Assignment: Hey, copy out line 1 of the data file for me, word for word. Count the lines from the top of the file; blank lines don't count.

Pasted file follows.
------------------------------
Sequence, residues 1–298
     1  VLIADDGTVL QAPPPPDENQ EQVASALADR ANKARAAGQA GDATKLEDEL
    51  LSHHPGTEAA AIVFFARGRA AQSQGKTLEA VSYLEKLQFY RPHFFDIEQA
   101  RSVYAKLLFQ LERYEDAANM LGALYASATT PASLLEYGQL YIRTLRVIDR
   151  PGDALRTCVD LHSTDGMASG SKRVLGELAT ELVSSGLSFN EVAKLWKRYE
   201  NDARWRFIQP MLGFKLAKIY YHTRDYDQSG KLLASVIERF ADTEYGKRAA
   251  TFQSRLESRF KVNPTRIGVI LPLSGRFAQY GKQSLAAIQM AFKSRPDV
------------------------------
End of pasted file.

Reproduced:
Sequence, residues 1–298